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  Going Armed
  Posted by: dheinbockel on May-09-12 9:54 AM (EST)
 

Cliff, Great article with good detailed info that I will likely never use. However, I don't believe a bear will cover 100 yards in 3 seconds as stated, unless he is in transport. That is over 68 mph average speed, from a presumed standing start; faster than a cheetah.

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  Canada
  Posted by: frosty on May-09-12 9:50 PM (EST)
-- Last Updated: May-09-12 9:58 PM EST --

Also I believe that semi-autos are illegal in Canada. Rifles and shotguns too probably.

Shotgun shells should also be water proofed.

A stainless steel gun would not be a bad choice. But even they can rust. And some stainless steel guns have some internal parts that are not stainless steel.

 
 
  semi-autos are legal in Canada
  Posted by: cliffjacobson on May-09-12 10:03 PM (EST)
Semi autos are not illegal in Canada. Over the years, we've taken a .30-06 Rem. semi-auto rifle and a Benelli 12-gauge shotgun. No problem. Only handguns, or guns with illegal length barrels are an issue.
Cliff
 
 
  semi auto
  Posted by: frosty on May-10-12 11:33 AM (EST)
Thanks Cliff for the info on semi-autos in Canada.

I have heard that my M4/AR15 is not legal in Canada. Maybe it is just an assault type weapon ban I confused with an ban on semi-autos.

I have a AR15 in 458 SOCOM that I could consider taking north if it was legal. With a 16 inch barrel it is not quite 45/70, but can use pointed bullets and can pack down really small.
 
 
  More on autos and barrel length
  Posted by: cliffjacobson on May-11-12 4:51 PM (EST)
Guns that "look mean" are not allowed in Canada. Even toy guns and soft air guns that look too much like the real thing. I believe M16 style rifles are legal, but you'd best check before you go. The Canadians are very sensitive about guns that they think might be used for terrorism or crimes. Remember, the customs agent has the final say regardless of what you are told by ranking Canadian authorities. Frankly,I wouldn't take a chance. That 16.5 inch barrel won't cut it. You'll need the minimum 18.5 (I believe) inches. Even then, this better be a factory barrel. If it's been altered they won't admit the gun. I strongly advise you to stick with a standard 12-ga. slug gun or one of the Marlin guide guns.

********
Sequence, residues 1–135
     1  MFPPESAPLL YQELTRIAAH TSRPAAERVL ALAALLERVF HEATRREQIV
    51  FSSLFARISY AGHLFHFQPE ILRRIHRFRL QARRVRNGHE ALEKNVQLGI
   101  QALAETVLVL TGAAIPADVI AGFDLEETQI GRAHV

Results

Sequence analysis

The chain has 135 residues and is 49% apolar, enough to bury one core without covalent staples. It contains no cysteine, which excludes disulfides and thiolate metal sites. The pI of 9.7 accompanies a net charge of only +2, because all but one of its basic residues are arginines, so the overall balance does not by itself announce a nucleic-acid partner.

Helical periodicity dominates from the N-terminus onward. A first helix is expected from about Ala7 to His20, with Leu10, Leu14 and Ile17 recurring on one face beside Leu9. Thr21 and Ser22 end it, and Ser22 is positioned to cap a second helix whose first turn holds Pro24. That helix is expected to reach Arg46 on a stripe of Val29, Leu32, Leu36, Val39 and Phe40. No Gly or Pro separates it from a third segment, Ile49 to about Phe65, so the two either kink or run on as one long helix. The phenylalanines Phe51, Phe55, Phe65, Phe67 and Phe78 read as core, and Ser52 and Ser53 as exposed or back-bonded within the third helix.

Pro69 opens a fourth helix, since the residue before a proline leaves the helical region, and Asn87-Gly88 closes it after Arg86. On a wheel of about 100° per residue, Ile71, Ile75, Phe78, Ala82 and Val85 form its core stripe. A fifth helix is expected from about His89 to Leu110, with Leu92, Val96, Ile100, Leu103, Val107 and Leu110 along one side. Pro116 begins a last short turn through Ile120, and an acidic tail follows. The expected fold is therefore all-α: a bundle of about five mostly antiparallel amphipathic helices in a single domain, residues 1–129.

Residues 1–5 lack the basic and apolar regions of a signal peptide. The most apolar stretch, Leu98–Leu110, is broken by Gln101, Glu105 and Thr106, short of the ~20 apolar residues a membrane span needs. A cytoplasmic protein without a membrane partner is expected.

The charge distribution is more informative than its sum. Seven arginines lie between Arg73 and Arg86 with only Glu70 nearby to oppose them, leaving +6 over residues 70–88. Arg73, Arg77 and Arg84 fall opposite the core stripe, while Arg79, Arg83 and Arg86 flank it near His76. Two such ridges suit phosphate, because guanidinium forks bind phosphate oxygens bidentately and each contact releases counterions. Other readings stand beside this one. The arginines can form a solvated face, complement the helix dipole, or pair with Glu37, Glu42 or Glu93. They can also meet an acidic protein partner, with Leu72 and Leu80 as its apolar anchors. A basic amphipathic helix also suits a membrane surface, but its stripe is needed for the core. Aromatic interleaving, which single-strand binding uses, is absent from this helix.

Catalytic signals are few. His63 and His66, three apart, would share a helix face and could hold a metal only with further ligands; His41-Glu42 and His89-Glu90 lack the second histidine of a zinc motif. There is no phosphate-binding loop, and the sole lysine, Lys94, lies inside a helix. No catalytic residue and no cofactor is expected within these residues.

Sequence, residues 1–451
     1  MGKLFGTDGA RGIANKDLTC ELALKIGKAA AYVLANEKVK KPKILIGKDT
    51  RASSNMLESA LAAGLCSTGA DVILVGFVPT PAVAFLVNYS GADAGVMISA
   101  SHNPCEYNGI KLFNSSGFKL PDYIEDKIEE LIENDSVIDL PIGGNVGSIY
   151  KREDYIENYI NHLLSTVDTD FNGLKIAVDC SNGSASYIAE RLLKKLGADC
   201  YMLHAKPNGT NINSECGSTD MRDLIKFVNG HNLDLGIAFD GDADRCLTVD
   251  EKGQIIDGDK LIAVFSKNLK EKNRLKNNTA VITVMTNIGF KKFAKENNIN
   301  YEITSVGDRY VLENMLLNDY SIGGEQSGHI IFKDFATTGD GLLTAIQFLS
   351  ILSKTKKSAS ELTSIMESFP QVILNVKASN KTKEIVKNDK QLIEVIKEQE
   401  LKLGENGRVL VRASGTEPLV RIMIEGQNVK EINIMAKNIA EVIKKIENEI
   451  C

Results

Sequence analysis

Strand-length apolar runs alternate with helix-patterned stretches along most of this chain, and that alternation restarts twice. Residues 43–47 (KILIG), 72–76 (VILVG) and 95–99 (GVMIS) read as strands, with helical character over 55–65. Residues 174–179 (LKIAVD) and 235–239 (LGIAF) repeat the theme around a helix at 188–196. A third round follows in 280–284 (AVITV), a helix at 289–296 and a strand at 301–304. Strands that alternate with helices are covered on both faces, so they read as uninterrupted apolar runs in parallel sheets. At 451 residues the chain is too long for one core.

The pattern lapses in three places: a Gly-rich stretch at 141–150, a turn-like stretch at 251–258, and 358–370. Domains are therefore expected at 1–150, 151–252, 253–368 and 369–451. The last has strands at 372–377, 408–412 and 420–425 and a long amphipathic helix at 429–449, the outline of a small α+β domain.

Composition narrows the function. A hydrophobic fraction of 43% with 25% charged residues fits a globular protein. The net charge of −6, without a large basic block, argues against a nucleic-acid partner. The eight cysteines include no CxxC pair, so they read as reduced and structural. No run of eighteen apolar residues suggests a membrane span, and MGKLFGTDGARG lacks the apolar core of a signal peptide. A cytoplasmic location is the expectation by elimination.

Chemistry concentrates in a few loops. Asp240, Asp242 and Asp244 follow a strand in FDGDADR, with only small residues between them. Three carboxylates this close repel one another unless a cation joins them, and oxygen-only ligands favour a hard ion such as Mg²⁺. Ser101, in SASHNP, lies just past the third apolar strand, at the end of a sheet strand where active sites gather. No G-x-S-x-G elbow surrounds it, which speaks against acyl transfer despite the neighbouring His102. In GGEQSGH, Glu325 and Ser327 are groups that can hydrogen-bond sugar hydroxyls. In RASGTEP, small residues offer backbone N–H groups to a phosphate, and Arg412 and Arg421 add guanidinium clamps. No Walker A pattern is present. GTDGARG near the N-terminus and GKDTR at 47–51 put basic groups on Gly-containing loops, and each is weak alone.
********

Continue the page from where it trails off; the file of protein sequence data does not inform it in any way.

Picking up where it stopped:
Cliff
 
 
  To avoid problems
  Posted by: cliffjacobson on May-09-12 10:05 PM (EST)
I might add that if you pack your gun the way I suggest, it will be rust-free and functional if and when you need it.
Cliff
 
 
  Editorial license
  Posted by: cliffjacobson on May-09-12 10:50 PM (EST)
Ya, ya, editorial effect here. Would you buy six seconds? I can say from experience that when one of these big bears gallops towards you, time stands still. You won't have time to count, I guarantee it. Thanks for setting me straight.
Cliff
 
 
  time standing still
  Posted by: walli on May-10-12 8:53 AM (EST)
cliff-great article,but you should have included the "colon control" factor for those that have not been tested! time stands still,body functions go into overdrive.

love the 450 handload, the 45/70 guide is one of my favs. only warning for the non-reloader going into a situation with this caliber would be to purchase ammo loaded for the occasion. Far too many gunshops only carry 45/70 loads at minimal pressure safe for older firearms but not loaded to take advantage of the Marlins strength.
Loads in the 350+ jacketed gn weight category from makers like CorBon,BuffaloBore and Garrett are proven items.

They may cost an extra buck,but it saves time when you get to heaven (at a later date) the second line ( and a long one) to see Saint Peter has the heading "Hey, I saved a Dollar!" and we all knows fellas destined to wait in that line.
 
 
  Exactly right!
  Posted by: cliffjacobson on May-11-12 4:56 PM (EST)
You are exactly correct, the reason why I bought a .450 Marlin. I consider the factory 350 grain flatnose load minimal for the big bears. I've been loading 350 grain Swift A-frames to a bit over 2000 fps. Much faster than this and I fear they may not hold together at the very close range (like 50 feet) you'd have to shoot. At this range, a big, slow moving bullet beats high velocity every time. The .45-70 with good loads is fine--there's not a whisker of difference between it and the .450 Marlin. But I prefer the .450 because the case is stronger and not rimmed. In any case, I've never had to shoot a bear, thank goodness. But I have popped some bullets by their ears.
Cliff
 
 
  Bear spray...
  Posted by: wavetamer on Jul-11-12 12:58 PM (EST)
On a related note: Most pilots will warn you about this while loading gear - if you travel with a pepper spray canister, place it in a sealable container (a large-mouth water bottle works well) to avoid an accidental blast inside the cabin (particularly on smaller planes) should the canister be accidentally activated in flight.
 

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